Japanese Ryokan : Hakone Kintoen

I have always wanted to experience a stay in a ryokan or traditional Japanese inn.  A typical ryokan is usually family run and offer a limited number of rooms, hence the expensive price tag.

On my last trip to Japan in May 2015, I decided to splurge a little on a stay in a ryokan in Hakone, a popular onsen town about 2 hours train ride from Tokyo.  After much research, I booked a 2 night stay at Hakone Kintoen (金湯苑).

Hakone Kintoen building

Don’t be deceived by the modern building as this is a true old school ryokan.  The moment we walked in, we were greeted with the best Japanese hospitality.  We had to remove our shoes when we arrived and were provided with slippers to wear inside the ryokan.

After a quick process of checking in, we were ushered into our room.  We were served green tea and light snacks shortly after.

Snacks that are served to guests upon arrival

The traditional style room is very basic, consists of sliding doors and tatami-matted floor, a table and floor level chairs and space for futon.  The furnishing is showing its age but the room is clean and spacious by Japanese standards.

The room also has a small balcony to sit and relax after a day out.

The big glass window makes the room bright and cheery

Guests are given ‘yukata’ to wear while in the ryokan.

At night, the table is moved aside to make space for the futon beds.  Though the beds look so simple and basic, they were comfortable and I had 2 good nights of sleep :).  In the morning, these beds will have to be cleared and the area is transformed back to its day function.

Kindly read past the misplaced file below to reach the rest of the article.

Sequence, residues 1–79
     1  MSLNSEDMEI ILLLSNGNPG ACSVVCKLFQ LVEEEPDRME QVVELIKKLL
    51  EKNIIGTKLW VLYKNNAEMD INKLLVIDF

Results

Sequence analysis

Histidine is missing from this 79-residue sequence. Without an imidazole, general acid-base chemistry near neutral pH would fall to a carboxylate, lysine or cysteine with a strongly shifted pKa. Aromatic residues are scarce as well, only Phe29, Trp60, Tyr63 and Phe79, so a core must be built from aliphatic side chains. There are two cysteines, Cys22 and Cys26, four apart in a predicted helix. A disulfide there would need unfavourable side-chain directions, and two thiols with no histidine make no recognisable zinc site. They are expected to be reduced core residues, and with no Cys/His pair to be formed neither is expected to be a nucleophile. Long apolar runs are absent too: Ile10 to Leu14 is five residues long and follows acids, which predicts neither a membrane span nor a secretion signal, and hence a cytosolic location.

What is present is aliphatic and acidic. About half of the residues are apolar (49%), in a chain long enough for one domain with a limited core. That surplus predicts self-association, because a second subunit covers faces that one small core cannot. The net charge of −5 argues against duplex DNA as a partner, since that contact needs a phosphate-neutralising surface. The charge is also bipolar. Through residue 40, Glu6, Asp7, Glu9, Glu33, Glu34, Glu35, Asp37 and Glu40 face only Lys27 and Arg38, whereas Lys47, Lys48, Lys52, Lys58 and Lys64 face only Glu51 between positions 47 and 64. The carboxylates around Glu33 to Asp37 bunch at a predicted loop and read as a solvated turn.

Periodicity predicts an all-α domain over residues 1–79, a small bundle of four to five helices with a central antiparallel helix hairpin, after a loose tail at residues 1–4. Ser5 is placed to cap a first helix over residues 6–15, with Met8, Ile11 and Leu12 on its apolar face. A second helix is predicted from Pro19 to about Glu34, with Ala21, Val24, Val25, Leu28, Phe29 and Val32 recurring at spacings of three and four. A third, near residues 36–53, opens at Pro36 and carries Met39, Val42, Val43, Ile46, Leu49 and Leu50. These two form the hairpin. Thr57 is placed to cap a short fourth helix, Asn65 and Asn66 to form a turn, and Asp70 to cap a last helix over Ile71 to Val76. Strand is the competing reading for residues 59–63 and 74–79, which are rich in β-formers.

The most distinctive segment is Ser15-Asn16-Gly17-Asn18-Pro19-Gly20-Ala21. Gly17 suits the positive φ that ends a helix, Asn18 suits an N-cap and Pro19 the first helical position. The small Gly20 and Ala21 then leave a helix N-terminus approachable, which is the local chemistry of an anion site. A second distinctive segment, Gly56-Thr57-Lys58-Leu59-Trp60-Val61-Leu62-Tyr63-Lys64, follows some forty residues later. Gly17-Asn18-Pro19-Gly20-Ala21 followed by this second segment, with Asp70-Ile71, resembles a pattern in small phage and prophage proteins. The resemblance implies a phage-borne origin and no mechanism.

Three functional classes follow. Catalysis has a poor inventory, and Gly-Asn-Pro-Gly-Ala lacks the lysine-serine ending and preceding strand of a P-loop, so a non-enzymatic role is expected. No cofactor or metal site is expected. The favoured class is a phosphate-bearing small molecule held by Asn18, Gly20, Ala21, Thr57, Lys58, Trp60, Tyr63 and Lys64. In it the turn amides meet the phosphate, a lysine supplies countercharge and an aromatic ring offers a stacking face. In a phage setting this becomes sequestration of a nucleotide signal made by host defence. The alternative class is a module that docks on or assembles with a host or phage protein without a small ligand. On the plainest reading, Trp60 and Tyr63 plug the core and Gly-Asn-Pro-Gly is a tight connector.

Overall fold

Simple yet comfortable futon beds

For two consecutive days, breakfast was served at 8 am sharp as per agreed with the lady who was assigned to our room.

Breakfast was served in the room by this very attentive, helpful and extremely polite lady

It was quite an elaborate affair with 6 dishes each day!  Best of all, the food was delicious and wholesome too.

The food looked too good to be eaten!

The tasty and very filling breakfast

Hakone Kintoen has its own public bath on the ground floor with men and women having separate bath areas.  Before going into the bath, one has to shower while seated on the plastic stool provided.  I didn’t try the public bath as we had a private bath in the room.  I definitely made full use of it to soak my tired aching limbs after a whole day of walking and sightseeing :).

The public bath for guests

Hot pool in the public bath

The 2 nights stay was really a memorable and enjoyable experience.  Though it’s more expensive than standard hotel accommodation, it’s definitely worth the price of ¥41,000 for the very personalized service we received throughout our stay.

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